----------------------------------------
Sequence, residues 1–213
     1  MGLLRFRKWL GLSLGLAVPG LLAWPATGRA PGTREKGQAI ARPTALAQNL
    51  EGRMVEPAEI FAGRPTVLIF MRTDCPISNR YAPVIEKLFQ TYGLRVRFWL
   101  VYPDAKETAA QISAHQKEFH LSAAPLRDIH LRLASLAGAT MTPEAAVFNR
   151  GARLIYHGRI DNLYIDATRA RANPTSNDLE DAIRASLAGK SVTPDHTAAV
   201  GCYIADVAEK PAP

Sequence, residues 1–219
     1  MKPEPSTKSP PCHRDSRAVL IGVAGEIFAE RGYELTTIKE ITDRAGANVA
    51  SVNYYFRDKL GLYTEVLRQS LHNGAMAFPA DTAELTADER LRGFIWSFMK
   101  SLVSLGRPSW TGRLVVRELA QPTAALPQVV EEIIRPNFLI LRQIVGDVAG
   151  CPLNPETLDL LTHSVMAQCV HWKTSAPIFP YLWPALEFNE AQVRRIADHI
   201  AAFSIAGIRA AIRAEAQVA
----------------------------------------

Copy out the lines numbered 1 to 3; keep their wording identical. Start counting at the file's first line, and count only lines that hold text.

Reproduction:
Sequence, residues 1–213
     1  MGLLRFRKWL GLSLGLAVPG LLAWPATGRA PGTREKGQAI ARPTALAQNL
    51  EGRMVEPAEI FAGRPTVLIF MRTDCPISNR YAPVIEKLFQ TYGLRVRFWL